Home seemed to explore the world of Gilead as thoroughly as possible, following much of the story and chronology of the first book from a different perspective, as if testing out Heisenberg’s uncertainty principle in novel form. When I first heard that Robinson was going to make a trilogy out of the story of two old pastors, I wondered if there was anything left.
Lila depicts the life of John Ames’ wife, the woman who appeared in his church one Sunday morning like a miracle come to life. She plays an important role in the minster’s life, to be sure, but in the previous books, she’s more of a presence than a character. I couldn’t even remember what her name was, to be honest.
This minor character is now front and center, a move that brings to mind Tom Stoppard’s Rosencrantz and Guildenstern Are Dead, the story of Hamlet as told from the perspective of two walk-on characters. In that play, Hamlet’s two friends found themselves the protagonists of a parallel story, with little to no memory of who they were before they appeared in the tale of the Sad Dane. Similarly, Lila deals with the gaps, absences and lacunae of the titular character.
We learn that Lila, as a very young child, was kidnapped by a drifter, a woman named Doll. “Kidnapped” may be accurate in word more than spirit: Doll believes that she rescued Lila from a neglectful family, and Lila comes to see Doll as her only family. The two of them make their way across the back roads of the country during the Depression, although there are almost none of the usual signifiers of that era. Lila and Doll live a life of poverty that is spiritual more than historical. When Lila is a young woman, Doll gets involved in a fight, killing a man. She is arrested and put in jail, at which point Lila starts to wander the Middle West on her own.
It’s a setup straight out of Housekeeping. Indeed, part of the pleasure of Lila is watching the more heterodox sensibility of Housekeeping commune, and even clash, with the piousness of John Ames’ Iowa.
When Lila appears in Ames’ church, she doesn’t feel miraculous. She has, in fact, escaped from a brothel. She moves into an abandoned shack on the outskirts of Gilead, and begins a thoroughly tentative courtship with the minister, who, at first, simply wants to make sure she’s alright. Soon they are married, and, seeing as this is before television, they spend their evenings at the dining room table, discussing theology.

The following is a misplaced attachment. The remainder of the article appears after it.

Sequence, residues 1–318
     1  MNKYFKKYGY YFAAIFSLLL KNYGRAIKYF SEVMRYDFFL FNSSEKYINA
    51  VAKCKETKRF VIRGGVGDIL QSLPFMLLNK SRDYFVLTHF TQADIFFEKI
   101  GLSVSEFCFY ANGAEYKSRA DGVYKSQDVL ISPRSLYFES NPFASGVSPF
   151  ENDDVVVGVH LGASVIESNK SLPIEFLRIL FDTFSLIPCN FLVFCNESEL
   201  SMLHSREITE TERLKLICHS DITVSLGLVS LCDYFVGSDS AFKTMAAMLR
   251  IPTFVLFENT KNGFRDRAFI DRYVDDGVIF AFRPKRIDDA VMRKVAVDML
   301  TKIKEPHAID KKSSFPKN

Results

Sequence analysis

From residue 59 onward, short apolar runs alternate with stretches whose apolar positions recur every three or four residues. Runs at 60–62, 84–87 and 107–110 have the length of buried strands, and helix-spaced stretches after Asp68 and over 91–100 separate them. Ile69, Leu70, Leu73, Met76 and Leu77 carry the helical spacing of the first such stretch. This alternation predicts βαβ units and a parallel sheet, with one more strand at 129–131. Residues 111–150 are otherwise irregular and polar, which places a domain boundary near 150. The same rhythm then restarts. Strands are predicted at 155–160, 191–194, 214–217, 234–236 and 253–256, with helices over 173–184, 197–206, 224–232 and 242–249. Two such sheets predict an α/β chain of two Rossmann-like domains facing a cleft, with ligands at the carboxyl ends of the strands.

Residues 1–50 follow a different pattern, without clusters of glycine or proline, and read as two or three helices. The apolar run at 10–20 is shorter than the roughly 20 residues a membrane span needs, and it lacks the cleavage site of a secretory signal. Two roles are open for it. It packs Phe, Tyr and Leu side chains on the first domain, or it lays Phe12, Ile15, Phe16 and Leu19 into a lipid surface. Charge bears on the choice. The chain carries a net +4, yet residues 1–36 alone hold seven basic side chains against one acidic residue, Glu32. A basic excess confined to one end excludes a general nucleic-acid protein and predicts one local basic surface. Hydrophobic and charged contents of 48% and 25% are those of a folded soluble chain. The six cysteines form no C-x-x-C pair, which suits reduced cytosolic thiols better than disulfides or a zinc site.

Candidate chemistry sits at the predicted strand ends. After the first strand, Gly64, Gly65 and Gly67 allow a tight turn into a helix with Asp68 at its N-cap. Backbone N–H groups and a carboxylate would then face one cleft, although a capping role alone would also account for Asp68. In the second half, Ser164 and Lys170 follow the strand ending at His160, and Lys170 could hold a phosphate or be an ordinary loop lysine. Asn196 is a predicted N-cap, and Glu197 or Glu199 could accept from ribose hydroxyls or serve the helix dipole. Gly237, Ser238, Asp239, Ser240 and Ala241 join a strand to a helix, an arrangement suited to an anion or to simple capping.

Ames finds himself returning to the topic of the elect and the unelect, the baptized and the unbaptized, with the only answer he feels qualified to give being that such matters are fully comprehensible only to God, and humans should respect such mystery. Lila, however, can’t help but wonder if Doll and the people she met in her former life wouldn’t be counted among the unelect. It is not incorrect to say that Lila is a domestic drama about predestination.
The resolution of this drama comes at the end of the book, in a scene I won’t spoil. Technically, I suppose, it’s already been spoiled, as it recounts a scene from Gilead, told from Lila’s perspective. But the tone is so different that it might as well be new, demonstrating in miniature the accomplishment of the Iowa Trilogy as a whole: that those closest to us are often the most mysterious—and the most holy.
Adam Fleming Petty’s work has appeared in The Millions, The Cultural Society, and The Christian Courier. He lives with his wife and daughter in Indianapolis, and is at work on a novel. Find him on Twitter at @flamingpetty.